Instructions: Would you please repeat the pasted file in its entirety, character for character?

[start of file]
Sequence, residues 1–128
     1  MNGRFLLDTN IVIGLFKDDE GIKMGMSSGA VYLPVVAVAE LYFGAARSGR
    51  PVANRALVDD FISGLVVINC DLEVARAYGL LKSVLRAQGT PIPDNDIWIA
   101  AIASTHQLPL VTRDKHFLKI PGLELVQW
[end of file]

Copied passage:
Sequence, residues 1–128
     1  MNGRFLLDTN IVIGLFKDDE GIKMGMSSGA VYLPVVAVAE LYFGAARSGR
    51  PVANRALVDD FISGLVVINC DLEVARAYGL LKSVLRAQGT PIPDNDIWIA
   101  AIASTHQLPL VTRDKHFLKI PGLELVQW